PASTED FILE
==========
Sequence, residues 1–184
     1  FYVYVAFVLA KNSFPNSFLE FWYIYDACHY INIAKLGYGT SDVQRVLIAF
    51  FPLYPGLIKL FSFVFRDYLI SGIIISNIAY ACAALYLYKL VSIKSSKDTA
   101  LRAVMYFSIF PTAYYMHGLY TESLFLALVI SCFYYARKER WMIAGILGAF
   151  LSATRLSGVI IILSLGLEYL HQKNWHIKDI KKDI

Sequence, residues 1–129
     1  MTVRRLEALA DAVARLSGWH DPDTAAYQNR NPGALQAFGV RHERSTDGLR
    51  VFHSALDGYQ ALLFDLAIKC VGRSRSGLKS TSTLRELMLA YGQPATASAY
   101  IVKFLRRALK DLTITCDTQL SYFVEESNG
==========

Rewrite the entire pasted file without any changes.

Sequence, residues 1–184
     1  FYVYVAFVLA KNSFPNSFLE FWYIYDACHY INIAKLGYGT SDVQRVLIAF
    51  FPLYPGLIKL FSFVFRDYLI SGIIISNIAY ACAALYLYKL VSIKSSKDTA
   101  LRAVMYFSIF PTAYYMHGLY TESLFLALVI SCFYYARKER WMIAGILGAF
   151  LSATRLSGVI IILSLGLEYL HQKNWHIKDI KKDI

Sequence, residues 1–129
     1  MTVRRLEALA DAVARLSGWH DPDTAAYQNR NPGALQAFGV RHERSTDGLR
    51  VFHSALDGYQ ALLFDLAIKC VGRSRSGLKS TSTLRELMLA YGQPATASAY
   101  IVKFLRRALK DLTITCDTQL SYFVEESNG